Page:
It was easy to read. I am very concerned about readability, after all. When I am reading a book, I am usually very annoyed if I get stuck. I was just getting into the swing of things. That’s why I always read my writing out loud to check if there are any stumbling blocks.
–Hitori-san, is the process of writing a novel enjoyable for you?
Well, I don’t feel that it is fun. I think it is like mountain climbing. I don’t think it is so much fun when I am climbing a mountain, it is rather painful. But you want to climb. I think it’s like that.
So, it is tedious until you start moving, but once you start, you start to feel a sense of mission to go to the top. It is not fun, and the pain is stronger, but it is a “good pain.
–I think “Asakusa Runtatta” was a new experiment for Hitori as well.
I think the fact that I gathered materials and wrote the film from scratch gave me a lot of confidence. Until now, I had only worked within the scope of what I had seen and heard, whether it was novels or films. For this work, I naturally knew nothing about the period, so I did a lot of research and came to be able to picture the world in my mind and create the characters, which gave me a lot of confidence. I felt that if I could write this, I could do anything. For example, I don’t know anything about mountain climbers or jazz pianists, but if I read, researched, and interviewed them, I could probably write a book or two.
It is not that I have never done interviews before, but “doing all the research” was a major discovery for me this time. If I had not done this, I don’t think I would have been able to do the drama “Mumonkan” that I was allowed to do last time. (“Mumonkan”: Drama based on a true story that was broadcast during NTV’s “24-Hour TV” in 2022. It was directed and written by Gekidan Hitori.)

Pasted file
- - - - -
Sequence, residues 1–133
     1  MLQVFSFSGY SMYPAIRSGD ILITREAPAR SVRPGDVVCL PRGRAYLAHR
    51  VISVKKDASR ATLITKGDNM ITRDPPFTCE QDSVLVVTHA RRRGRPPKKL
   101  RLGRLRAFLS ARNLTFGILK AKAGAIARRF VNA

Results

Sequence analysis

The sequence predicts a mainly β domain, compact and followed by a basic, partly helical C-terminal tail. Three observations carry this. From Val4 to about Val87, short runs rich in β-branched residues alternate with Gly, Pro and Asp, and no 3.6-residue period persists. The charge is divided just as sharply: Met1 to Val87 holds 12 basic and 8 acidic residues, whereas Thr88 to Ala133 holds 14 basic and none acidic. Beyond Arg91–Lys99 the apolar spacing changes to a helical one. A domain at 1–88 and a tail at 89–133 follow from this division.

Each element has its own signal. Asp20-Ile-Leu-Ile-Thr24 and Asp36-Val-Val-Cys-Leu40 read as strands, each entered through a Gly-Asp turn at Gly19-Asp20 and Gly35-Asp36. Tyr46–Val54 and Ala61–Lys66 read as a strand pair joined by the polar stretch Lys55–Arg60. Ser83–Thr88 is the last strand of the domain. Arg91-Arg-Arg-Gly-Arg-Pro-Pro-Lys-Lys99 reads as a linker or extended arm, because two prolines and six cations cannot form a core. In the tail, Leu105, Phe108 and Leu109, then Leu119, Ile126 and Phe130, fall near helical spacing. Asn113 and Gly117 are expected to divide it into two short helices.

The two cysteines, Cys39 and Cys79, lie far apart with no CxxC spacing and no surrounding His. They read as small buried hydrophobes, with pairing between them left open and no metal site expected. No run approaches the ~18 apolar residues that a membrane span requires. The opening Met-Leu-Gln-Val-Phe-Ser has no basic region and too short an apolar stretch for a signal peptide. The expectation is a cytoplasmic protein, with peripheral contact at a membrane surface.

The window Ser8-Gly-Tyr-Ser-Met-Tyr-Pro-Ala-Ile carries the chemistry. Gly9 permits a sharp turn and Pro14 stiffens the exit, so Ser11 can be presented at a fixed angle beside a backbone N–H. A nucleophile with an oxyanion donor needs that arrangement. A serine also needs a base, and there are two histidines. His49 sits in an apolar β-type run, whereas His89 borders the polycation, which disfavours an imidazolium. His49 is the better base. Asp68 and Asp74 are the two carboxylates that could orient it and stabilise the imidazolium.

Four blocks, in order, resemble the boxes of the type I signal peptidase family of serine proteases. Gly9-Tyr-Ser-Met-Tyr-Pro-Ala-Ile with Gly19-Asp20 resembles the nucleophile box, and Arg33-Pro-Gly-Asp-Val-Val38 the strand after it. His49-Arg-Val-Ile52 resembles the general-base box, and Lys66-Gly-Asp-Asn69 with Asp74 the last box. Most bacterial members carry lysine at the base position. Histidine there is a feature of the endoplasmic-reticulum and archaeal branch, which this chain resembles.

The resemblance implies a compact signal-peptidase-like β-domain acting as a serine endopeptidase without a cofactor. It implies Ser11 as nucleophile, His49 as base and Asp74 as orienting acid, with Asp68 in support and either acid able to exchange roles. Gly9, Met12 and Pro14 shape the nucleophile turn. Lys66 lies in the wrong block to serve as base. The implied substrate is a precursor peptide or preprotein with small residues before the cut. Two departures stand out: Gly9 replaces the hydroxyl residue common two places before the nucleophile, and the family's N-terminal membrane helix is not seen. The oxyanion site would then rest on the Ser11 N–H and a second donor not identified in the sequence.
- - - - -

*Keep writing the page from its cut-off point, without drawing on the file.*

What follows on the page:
I originally did not know about the existence of MUTO-KAN. But after listening to stories and reading various books, I was able to shoot a whole drama. I concentrated on doing that in a fairly short period of time. It was probably because I was writing “Asakusa Runtatta” that I thought I would be able to do that. So from now on, I thought that if I have a desire to try something I don’t know, I should do it without fear.
–Looking back over the past 30 years, what is your most memorable job?
It’s tough to say just one job, but if I had to pick one show, it would have to be “Godotan” (TV Tokyo). I can’t imagine what I would have done if I hadn’t met that show. I thought I had tried many things as a comedian, but “Godotan” opened up possibilities for me that I never knew existed. It’s the same with “Sanshiro” and “Haraiichi’s” Yuuki Iwai (36). It’s a show where talents that even they are unaware of can blossom. I think that is what is so great about the show.
The staff of “Godtan” is hungry for interesting things. （It is not only the production staff like (director/producer) Mr. Nobuyuki Sakuma (46), but also the camera crew and other technical staff. So no matter how cold the scene gets, everyone waits for me. It is a space where you can swing the bat as hard as you want, even if you strike out. However, there have been many times when I have actually struck out (laughs).
–Finally, can you tell us about your goals or what you want to do in the future?
I just want to be satisfied with my work. The world’s evaluation may be important, but if I am not satisfied with my own work, I will never be fully satisfied with it. No matter how much praise I receive, I still want to be satisfied and convinced by myself. I want to do work that satisfies me to the point where I can say, “This is enough for me, I have no regrets. It doesn’t matter if it is a variety of work or a piece of artwork. I just want to see how many things I can do before I die that I can be satisfied with.
Until the day I am satisfied with myself. Gekidan Hitori continues to challenge himself in the world of creativity.
Interview and text by Larry Toda： Larry Toda Photographs： Takehiko Kohiyama and Shoichiro Tsuboi (past photo)